Oddone Pleads Guilty To Manslaughter Charge


Anthony Oddone pleaded guilty Wednesday afternoon to first-degree manslaughter, under an agreement with prosecutors, for the 2008 killing of Suffolk County corrections officer Andrew Reister, likely sparing him any additional prison time and drawing to a close what has been a prolonged and tumultuous case.

Dressed in a shirt and tie, Mr. Oddone, accompanied only by his attorneys, admitted in a Riverhead courtroom to killing Mr. Reister, who was working his second job as a bouncer, by compressing his neck with his arms following a brawl at the Southampton Publick House. Mr. Reister’s widow, Stacey Reister, watched the courtroom proceedings from the edge of her seat and let out a relieved, “yes,” after Mr. Oddone uttered the word “guilty.”

Suffolk County Assistant District Attorney Denise Merrifield, the lead prosecutor on the case, said during the proceeding that while her office was confident they could have convicted Mr. Oddone—for a second time—of the manslaughter charges, Mr. Reister’s family asked that they be spared the stress of a second trial.

A 2009 jury convicted Mr. Oddone of the same charge, though the conviction was thrown out late last year by the state’s highest court, sending it back to Suffolk County for a retrial. The jury acquitted him of the more serious second-degree murder charge.

As part of the plea agreement, Mr. Oddone will likely face a sentence of five years, four months and 16 days—time he has already served—plus five years of post-release supervision when he is sentenced on March 19. The first-degree manslaughter charge would otherwise carry a maximum sentence of 25 years in prison.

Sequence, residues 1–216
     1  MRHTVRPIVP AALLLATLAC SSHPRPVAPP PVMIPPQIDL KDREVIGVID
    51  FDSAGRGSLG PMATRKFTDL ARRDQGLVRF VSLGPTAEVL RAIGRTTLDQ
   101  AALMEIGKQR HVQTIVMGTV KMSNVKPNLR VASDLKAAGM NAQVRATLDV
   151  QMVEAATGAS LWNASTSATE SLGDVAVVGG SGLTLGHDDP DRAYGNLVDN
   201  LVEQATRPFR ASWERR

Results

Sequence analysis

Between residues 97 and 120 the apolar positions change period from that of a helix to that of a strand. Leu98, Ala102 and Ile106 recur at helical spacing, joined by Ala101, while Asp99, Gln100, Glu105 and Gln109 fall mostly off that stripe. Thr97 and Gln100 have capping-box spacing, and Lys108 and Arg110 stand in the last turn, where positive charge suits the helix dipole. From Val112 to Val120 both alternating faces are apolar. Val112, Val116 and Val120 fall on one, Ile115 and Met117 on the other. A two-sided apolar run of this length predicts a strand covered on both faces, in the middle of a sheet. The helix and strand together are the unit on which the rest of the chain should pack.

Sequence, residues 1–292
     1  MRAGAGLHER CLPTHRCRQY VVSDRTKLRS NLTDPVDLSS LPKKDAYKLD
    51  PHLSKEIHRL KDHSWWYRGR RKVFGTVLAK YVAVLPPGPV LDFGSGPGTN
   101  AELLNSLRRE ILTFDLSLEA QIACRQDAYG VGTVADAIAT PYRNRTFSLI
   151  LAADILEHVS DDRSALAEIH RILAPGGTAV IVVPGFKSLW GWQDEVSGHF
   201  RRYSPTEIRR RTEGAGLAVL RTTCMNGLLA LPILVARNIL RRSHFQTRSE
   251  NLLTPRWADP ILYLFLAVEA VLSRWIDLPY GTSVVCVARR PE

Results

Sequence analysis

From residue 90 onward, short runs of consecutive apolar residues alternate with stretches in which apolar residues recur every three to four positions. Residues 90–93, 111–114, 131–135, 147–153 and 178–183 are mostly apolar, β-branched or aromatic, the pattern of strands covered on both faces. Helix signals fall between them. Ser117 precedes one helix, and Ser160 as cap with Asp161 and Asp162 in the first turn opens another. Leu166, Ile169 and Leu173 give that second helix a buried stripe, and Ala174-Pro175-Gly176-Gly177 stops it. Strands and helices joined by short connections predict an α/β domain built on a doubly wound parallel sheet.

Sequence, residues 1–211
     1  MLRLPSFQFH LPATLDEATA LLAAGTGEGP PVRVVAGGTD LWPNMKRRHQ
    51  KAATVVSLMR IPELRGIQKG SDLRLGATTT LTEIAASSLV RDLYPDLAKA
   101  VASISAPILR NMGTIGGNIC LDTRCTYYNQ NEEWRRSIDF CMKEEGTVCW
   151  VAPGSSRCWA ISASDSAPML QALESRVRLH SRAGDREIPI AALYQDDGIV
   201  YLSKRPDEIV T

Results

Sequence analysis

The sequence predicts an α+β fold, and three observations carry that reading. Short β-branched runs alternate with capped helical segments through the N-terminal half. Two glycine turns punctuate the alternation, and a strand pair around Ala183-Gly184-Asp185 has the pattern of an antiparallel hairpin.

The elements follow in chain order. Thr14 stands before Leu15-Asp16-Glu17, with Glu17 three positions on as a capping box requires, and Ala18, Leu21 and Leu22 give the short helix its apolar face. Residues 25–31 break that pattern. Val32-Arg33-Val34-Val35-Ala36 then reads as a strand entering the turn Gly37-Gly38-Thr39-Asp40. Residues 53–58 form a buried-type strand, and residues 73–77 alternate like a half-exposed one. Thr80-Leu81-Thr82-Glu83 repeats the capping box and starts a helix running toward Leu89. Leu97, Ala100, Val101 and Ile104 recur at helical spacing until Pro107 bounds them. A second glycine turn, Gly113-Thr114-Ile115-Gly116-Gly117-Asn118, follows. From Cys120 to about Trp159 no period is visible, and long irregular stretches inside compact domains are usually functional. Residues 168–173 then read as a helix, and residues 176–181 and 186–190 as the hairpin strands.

Mr. Oddone also forfeited his right to appeal both the guilty plea and his sentence as part of the deal. He spoke only briefly during the court proceeding, responding either “yes” or “no” to Judge C. Randall Hinrichs’s questions, and declined to comment further outside the courtroom.

“This was a family decision,” Ms. Reister said. “This was our choice. We all sat and discussed it at length, both sides, and we are all in agreement.”

Sarita Kedia, Mr. Oddone’s Manhattan attorney, said that given the circumstances, “We believe this was an appropriate decision for both parties involved.” She added that she expected Mr. Oddone would be able to move on and continue a productive life.

Last month, she said her client was living in Brooklyn and working in Manhattan, while also attending school.

On August 7, 2008, Mr. Reister, 40, was working part-time as a bouncer at the Southampton Publick House. Mr. Oddone was at the bar dancing on a low table with a woman. When Mr. Reister asked Mr. Oddone to get down, he refused. Mr. Reister then pushed him off. A fight broke out between the two, during which Mr. Oddone placed Mr. Reister in a choke hold, maintaining his grip even after Mr. Reister fell unconscious and while onlookers screamed at him and tried to pull him off, according to court documents. Mr. Oddone then attempted to flee in a taxi.

Mr. Reister, a father of two, was declared brain dead two days later.

Mr. Oddone had served five years of a 17-year sentence when he was released after supporters posted $500,000 cash bail two days before Christmas. Earlier that month a state Appeals Court decision threw out his first-degree manslaughter conviction, sending the case back for a new trial on grounds that the trial court had erred when it refused to allow the defense to remind a witness of statements she had made related to the duration of the choke hold, according to court documents.

After the incident, the witness told insurance investigators that she saw Mr. Oddone hold the choke hold for six to 10 seconds, but when the defense asked the same question of her during the trial about a year later, she said it “could have been a minute or so.”

The high court ruled that it was unfair for the jury to hear that “damaging” testimony without allowing the defense to make use of her prior, more favorable answer.

After Wednesday’s proceeding about 10 of Mr. Reister’s family members, including his widow, parents and brother, quietly applauded.

“These were my wishes, my family’s wishes,” Ms. Reister said.

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